Get 20M+ Full-Text Papers For Less Than $1.50/day. Subscribe now for You or Your Team.

Learn More →

ACTION ON MATTER: THE HISTORY OF THE UNIQUELY AFRICAN TAMPER AND CONCAVE ANVIL POT-FORMING TECHNIQUE

ACTION ON MATTER: THE HISTORY OF THE UNIQUELY AFRICAN TAMPER AND CONCAVE ANVIL POT-FORMING TECHNIQUE The publication, largely by ethnoarchaeologists, of new data on the tamper and concave anvil technique of pot-forming (TCA) permits a reassessment of this uniquely African technique, its toolkit, and its culture history. A survey, inspired by the technologie culturelle school, of its varied expressions in the southern Saharan, Sahelian and northern Sudan zones from Mali to Sudan and extending north into Egypt emphasises the potential of the technique for the efficient production of spherical water jars of high volume to weight ratio, much appreciated in arid environments. The technique is demanding and therefore practised for the most part by specialists. The origins and diffusion of the technique are assessed in the light of the ethnological, archaeological, linguistic, and historical evidence, and a four stage historical development is sketched. http://www.deepdyve.com/assets/images/DeepDyve-Logo-lg.png Journal of African Archaeology Brill

ACTION ON MATTER: THE HISTORY OF THE UNIQUELY AFRICAN TAMPER AND CONCAVE ANVIL POT-FORMING TECHNIQUE

Journal of African Archaeology , Volume 1 (1): 3 – Oct 25, 2003

Loading next page...
 
/lp/brill/action-on-matter-the-history-of-the-uniquely-african-tamper-and-0qmyYkj6mn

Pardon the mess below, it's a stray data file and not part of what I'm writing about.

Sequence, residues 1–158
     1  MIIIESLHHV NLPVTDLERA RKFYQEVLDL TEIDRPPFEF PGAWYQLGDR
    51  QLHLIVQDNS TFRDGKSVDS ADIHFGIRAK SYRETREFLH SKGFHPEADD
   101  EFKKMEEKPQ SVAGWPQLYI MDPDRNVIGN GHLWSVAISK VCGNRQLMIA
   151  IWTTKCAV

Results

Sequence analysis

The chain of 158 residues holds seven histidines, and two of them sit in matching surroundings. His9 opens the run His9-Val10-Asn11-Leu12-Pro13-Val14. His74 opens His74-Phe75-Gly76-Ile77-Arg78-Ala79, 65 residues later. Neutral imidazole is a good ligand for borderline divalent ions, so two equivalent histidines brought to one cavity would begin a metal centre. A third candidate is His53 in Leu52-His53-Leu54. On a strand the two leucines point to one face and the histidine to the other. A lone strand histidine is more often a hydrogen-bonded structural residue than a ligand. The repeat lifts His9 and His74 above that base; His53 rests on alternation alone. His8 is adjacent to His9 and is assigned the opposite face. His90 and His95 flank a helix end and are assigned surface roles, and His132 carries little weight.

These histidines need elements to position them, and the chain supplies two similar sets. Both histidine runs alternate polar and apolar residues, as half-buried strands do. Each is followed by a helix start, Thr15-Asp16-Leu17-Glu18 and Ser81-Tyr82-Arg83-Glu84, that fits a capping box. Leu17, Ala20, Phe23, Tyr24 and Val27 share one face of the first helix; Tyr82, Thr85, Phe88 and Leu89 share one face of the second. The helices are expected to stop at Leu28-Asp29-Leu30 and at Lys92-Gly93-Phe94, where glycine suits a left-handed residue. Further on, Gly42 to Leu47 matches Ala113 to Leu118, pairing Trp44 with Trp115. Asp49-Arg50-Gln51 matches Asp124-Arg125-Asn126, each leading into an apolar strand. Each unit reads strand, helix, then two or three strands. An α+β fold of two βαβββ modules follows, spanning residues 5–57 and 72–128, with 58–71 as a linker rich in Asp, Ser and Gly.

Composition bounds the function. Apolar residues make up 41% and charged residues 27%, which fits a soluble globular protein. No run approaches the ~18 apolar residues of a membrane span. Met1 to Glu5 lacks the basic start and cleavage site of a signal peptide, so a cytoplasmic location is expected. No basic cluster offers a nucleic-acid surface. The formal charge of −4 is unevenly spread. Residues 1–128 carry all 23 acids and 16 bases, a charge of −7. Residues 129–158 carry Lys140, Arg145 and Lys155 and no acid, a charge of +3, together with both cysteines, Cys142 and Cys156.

References

References for this paper are not available at this time. We will be adding them shortly, thank you for your patience.

Publisher
Brill
Copyright
© Copyright 2003 by Koninklijke Brill NV, Leiden, The Netherlands
ISSN
1612-1651
eISSN
2191-5784
DOI
10.3213/1612-1651-10001
Publisher site
See Article on Publisher Site

Abstract

The publication, largely by ethnoarchaeologists, of new data on the tamper and concave anvil technique of pot-forming (TCA) permits a reassessment of this uniquely African technique, its toolkit, and its culture history. A survey, inspired by the technologie culturelle school, of its varied expressions in the southern Saharan, Sahelian and northern Sudan zones from Mali to Sudan and extending north into Egypt emphasises the potential of the technique for the efficient production of spherical water jars of high volume to weight ratio, much appreciated in arid environments. The technique is demanding and therefore practised for the most part by specialists. The origins and diffusion of the technique are assessed in the light of the ethnological, archaeological, linguistic, and historical evidence, and a four stage historical development is sketched.

Journal

Journal of African ArchaeologyBrill

Published: Oct 25, 2003

Keywords: ethnoarchaeology; pottery; technology; culture history; caste; specialisation; gender

There are no references for this article.